Homemade stoves

9:53 p.m. on April 30, 2010 (EDT)
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A simple homemade stove can be made of a small soup can. Just take an old fashioned can opener that cuts a triangular hole

Example...

and recycle a used emptied can that has the lid completely cut off one end. Take the old fashioned can opener and cut 4 openings around the top upper edge of the can and the bottom side edge of the can. See illustration below:

The bottom of the can in the picture above shows the holes all the way around the bottom, even tho the opposite side would not be visable.

Then when you use the stove have easy-light BBQ briquettes with you in a ziploc bag. Place one briquette in the bottom, light it and when its ready place your cook pot on top. The side holes allow air to go in the bottom and escape the underneath side of the cook pot. Without the holes the briquette would go out with out air to breathe. For extra heat or if needed longer place anothe briquette on top the other before it goes out.

Cookpot on soup can stove (with macaroni cooking inside) :)

You may have to stabilize the stove can with rocks. You can also make the stove from most any size can. I have used the large so called #10 cans that restuarants get food it as a simple woodstove. Just cut more holes around the can for better air distribution.

I have even seen at an old miners camp in the Grand Canyon where they took a old washtub turned upside down, built a fire underneath and with a hole cut out on the tubs original bottom for air as well as another on the side to stock the fire with wood. It was still where it had been used at a camp from perhaps a hundred years before.

I drew the illustrations in Paintbox on my PC. Nice, Huh?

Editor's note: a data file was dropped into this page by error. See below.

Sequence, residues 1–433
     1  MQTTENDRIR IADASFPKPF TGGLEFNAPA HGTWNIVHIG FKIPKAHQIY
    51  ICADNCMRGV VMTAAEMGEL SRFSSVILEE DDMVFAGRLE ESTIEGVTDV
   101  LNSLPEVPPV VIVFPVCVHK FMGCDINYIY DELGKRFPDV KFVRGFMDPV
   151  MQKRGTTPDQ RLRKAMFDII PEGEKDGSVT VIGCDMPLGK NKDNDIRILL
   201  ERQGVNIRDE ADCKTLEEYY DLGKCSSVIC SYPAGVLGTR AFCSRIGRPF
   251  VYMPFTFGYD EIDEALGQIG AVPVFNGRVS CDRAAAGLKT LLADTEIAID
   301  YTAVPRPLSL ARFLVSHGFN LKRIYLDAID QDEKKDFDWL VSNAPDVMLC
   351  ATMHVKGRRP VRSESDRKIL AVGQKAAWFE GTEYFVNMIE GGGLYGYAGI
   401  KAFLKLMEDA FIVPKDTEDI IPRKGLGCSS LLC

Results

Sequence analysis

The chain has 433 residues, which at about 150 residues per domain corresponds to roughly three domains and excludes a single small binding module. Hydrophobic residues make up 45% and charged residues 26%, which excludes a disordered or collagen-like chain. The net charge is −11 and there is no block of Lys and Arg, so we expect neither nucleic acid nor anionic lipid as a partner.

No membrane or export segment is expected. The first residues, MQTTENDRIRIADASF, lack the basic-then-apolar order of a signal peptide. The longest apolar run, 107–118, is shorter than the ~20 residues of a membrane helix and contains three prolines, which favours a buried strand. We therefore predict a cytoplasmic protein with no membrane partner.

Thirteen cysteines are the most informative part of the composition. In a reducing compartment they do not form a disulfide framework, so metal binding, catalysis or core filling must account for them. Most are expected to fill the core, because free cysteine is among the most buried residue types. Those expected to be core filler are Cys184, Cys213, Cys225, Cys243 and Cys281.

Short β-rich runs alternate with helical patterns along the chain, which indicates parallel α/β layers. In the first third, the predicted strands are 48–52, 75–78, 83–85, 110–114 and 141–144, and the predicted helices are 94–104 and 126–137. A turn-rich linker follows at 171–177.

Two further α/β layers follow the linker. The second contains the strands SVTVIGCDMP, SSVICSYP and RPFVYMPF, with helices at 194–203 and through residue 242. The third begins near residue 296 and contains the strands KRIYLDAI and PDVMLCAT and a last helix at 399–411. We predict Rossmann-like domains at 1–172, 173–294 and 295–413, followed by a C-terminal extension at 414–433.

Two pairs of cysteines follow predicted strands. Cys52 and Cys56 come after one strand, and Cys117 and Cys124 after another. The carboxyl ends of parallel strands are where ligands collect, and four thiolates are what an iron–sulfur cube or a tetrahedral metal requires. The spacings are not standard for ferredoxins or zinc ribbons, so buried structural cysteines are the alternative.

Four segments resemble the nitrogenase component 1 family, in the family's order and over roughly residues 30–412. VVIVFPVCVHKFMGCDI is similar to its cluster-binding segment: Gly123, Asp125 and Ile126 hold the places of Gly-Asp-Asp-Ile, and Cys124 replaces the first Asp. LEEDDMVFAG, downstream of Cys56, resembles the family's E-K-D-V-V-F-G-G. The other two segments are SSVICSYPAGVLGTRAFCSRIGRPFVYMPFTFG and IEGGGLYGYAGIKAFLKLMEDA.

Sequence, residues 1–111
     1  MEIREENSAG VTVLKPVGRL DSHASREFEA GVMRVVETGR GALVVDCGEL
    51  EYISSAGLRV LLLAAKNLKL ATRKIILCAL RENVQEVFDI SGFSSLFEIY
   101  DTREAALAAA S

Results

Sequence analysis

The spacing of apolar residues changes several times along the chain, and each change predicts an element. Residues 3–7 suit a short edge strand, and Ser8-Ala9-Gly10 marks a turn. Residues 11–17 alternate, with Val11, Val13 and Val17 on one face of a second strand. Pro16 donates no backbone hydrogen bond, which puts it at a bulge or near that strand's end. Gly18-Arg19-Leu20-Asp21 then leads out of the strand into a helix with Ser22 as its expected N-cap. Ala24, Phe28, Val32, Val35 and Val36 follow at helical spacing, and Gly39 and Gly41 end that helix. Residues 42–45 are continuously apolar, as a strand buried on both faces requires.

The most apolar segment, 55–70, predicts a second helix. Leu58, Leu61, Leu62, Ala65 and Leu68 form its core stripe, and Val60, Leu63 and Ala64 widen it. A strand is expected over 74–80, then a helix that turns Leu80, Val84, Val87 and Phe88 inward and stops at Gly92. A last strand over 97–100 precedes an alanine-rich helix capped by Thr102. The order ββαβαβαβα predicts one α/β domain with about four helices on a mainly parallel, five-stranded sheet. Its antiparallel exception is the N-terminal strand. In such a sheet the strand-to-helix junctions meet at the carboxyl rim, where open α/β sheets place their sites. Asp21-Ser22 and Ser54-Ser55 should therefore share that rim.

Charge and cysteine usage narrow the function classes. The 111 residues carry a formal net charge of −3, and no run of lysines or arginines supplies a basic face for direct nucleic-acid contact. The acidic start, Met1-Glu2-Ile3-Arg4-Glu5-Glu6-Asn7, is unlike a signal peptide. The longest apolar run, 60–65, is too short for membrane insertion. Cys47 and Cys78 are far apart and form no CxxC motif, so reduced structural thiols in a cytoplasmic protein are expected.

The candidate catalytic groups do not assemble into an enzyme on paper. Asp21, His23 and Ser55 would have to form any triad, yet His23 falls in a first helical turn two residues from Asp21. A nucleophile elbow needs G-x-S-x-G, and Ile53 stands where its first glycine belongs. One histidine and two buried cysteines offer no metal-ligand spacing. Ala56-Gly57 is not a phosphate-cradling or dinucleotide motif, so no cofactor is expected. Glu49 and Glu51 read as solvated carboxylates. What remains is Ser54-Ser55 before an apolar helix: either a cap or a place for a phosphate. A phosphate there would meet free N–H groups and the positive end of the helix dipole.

10:57 a.m. on May 1, 2010 (EDT)
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HeyGary:
How much work can the soup can and a briquete or two accomplish? (e.g. boil pot of water in x minutes, keep a pot boiling for x minutes...)
Ed

11:35 a.m. on May 1, 2010 (EDT)
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Depends on altitude mainly. Its just a darn good little homemade stove. The briquettes burn slower and with less heat at higher alitudes. I used mine in the Tetons. Like a fuel tablet it burns slow and gives of enough heat to cook with. Afterwards the briquette is gone. Make one an experiment with it!

6:10 p.m. on May 1, 2010 (EDT)
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Gary, that looks like an excellent alternative to a wood stove for use in areas that do not have enough dead wood to support it's use as a fuel.

I think that home made stoves are interesting, they have the "Tinker Factor"! Some people just enjoy making useful stuff.

Nice drawing BTW.

12:04 a.m. on May 2, 2010 (EDT)
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I by no means need a stove like that, but as Trout said it has "Tinker Factor", so I'm in1 I think I will give it a try! And I thought the alky stoves were pretty easy to make!

D

12:45 a.m. on May 2, 2010 (EDT)
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Gary,

Here is a high-tech version of your stove. http://biolitestove.com/BioLite.html

It looks like someone tinkered long enough and put a fan on a can stove.
You can build something similar, just buy a $5 fan and a 9V battery and you've got a blower stove. They work pretty well, even with wet wood.

1:10 a.m. on May 6, 2010 (EDT)
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My GF and her sis are biking cross Canada this summer leaving in June (going west)...
I wanna make them something like this to supplement their gas stove,
Knowing their tea addiction...

Here is the best site I have found so far...

http://www.jureystudio.com/pennystove/pennywood.html

July 23, 2014
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